Forage Ahead!

Today I joined my friend Greg Monzel of Monzel Herbs on one of his terrific plant walks. The rain held off as we tramped the lanes and fields of Distelrath Farms, an urban farm and the source of my weekly CSA allotment.

As an herbalist, Greg focuses these guided tours on both edible and medicinal plants. After you’ve hung around with him for a little while, you get a new appreciation for the things people normally dig out of their gardens. It seems that everywhere under our feet, there’s nourishment and healing.

Greg teaches us about plantain and its many uses

Greg teaches us about plantain and its many uses

Plaintain, for example, is good for eczema, wounds, and other skin issues, while its seeds are a “poor man’s psyllium.” I doubt I have the patience to collect its seeds, but I like the idea of whipping up a bunch of leaves in the blender with olive oil to make an infusion. I have some off-and-on rashy stuff on my hands, so I might try that.

Amaranth, drought-tolerant and tasty

Amaranth, drought-tolerant and tasty

More tasty than the bitter plantain is amaranth. It is an amazingly hardy summer salad green as well as a source of protein-rich “grain” (actually the seeds).

I’ve never collected the seeds, but I adore amaranth as a green. My partner was introduced to it in Tanzania years ago. There it was called red root and sauteed in a dish called Sukuma Weeki.

When the drought hit us last year, amaranth didn’t even notice. So this year I bought amaranth seeds to plant for a steady and convenient supply. As soon as my lettuce is done–any day now–I’m sowing amaranth in preparation for a dryer, hotter July and August. I can almost taste that late summer salad of amaranth and purslane, a heat-loving succulent high in omega-3 fatty acids. Most people pull both as a weed.

Greg, by the way, says weeds are a state of mind. Many of the things we consider noxious weeds were actually brought here because of their usefulness. Now they populate areas where the soil has been disturbed, working as “succession plants” that naturally build soil fertility.

Knotweed, AKA smartweed

Knotweed, AKA smartweed

Here’s knotweed, for example, also known as smartweed. I remember seeing this pretty little bloom in my dad’s raspberry patch and wondering what it was. I learned today that it is in the buckwheat family. Its leaves and seeds are edible and loaded with resveratrol, a potent antioxidant.

And did you know that you can harvest the seeds of the ubiquitous clover and save them in a jar, for indoor sprouting at some later, leaner date? It’s mind-boggling to realize there is free food all around us, even in the city, that could potentially nourish us in good times and bad.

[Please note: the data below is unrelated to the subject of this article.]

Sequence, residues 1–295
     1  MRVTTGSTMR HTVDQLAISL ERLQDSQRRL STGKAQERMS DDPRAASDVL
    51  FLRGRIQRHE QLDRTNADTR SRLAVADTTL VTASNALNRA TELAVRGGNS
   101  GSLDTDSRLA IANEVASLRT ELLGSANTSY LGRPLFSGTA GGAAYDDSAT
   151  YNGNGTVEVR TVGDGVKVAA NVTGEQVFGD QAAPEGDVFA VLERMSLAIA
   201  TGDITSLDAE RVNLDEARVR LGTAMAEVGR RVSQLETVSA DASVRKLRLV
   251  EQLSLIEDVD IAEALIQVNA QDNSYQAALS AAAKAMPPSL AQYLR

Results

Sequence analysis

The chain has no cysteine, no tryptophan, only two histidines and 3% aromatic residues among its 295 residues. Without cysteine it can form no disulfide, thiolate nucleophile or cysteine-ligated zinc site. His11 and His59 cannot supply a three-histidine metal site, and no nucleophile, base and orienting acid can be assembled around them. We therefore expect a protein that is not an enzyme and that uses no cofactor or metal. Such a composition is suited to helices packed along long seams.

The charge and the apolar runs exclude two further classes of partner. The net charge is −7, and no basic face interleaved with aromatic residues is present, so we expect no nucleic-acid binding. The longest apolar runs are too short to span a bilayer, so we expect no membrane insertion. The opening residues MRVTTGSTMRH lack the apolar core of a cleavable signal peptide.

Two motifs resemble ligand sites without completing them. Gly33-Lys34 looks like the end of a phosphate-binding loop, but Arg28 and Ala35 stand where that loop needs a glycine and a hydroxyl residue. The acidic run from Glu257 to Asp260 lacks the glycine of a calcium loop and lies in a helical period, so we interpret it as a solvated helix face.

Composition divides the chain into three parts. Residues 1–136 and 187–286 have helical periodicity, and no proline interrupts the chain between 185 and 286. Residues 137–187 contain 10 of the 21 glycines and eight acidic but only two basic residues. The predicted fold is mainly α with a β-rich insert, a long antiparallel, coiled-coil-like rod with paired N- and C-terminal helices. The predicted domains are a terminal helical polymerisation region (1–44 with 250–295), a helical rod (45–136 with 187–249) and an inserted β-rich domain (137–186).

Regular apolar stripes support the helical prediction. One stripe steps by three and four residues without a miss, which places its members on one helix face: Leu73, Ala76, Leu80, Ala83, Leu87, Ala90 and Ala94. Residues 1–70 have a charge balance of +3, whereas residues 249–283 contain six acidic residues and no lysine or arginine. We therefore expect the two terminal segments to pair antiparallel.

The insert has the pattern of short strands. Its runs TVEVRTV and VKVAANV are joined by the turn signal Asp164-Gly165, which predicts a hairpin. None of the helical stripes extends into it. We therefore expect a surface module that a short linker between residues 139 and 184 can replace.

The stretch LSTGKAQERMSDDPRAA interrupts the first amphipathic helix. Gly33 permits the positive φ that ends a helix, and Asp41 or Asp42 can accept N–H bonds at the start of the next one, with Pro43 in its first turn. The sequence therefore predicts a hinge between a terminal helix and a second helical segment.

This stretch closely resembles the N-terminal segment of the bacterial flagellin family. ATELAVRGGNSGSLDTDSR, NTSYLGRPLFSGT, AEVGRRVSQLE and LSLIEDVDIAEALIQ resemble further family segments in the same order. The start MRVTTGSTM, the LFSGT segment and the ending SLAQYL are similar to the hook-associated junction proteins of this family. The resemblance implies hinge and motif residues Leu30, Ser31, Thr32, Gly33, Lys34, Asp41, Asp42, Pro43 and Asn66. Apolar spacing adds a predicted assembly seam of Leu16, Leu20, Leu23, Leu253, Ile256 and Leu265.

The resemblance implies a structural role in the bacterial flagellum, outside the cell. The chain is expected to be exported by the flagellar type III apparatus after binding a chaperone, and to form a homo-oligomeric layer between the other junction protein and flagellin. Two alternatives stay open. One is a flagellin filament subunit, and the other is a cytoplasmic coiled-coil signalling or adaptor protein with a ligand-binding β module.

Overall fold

I’ve learned so much from Greg, starting when I interviewed him for an Edible Indy story on gathering wild foods. Though I’m not nearly as experienced as he is, next Friday, July 5, I’ll have a table on foraging at FoodCon IV, a fabulous event that attracts a thousand or more people every year. I’m beyond excited to be part of it.

8 thoughts on “Forage Ahead!

  1. way cool post – I really wanted to go on Greg’s walk today – busy at Andy’s today…my Amaranth is doing beautifully at Downey garden! so excited – I haven’t yet tried the greens though…and great that you have a TABLE at FOOD CON!

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  2. Love your post, Shawndra! I’m learning a bit more about foraging too – I went to a Green Salve workshop last summer where we harvested our medicinal plants and spent the weekend working with Plant Medicine and preparing our plants for the Salve (in a base of organic olive oil and beeswax.) The Salve cures just about anything! I actually rubbed a crushed plantain leaf on my itchy wrist just yesterday when the Salve wasn’t handy 🙂 Have a great time at Food Con!

  3. Congrats on upcoming trip out west. Enjoyed this blog. As a kid on the farm, I used to eat these foraging crops playing house. Sour grass was my favorite. Enjoy your show.

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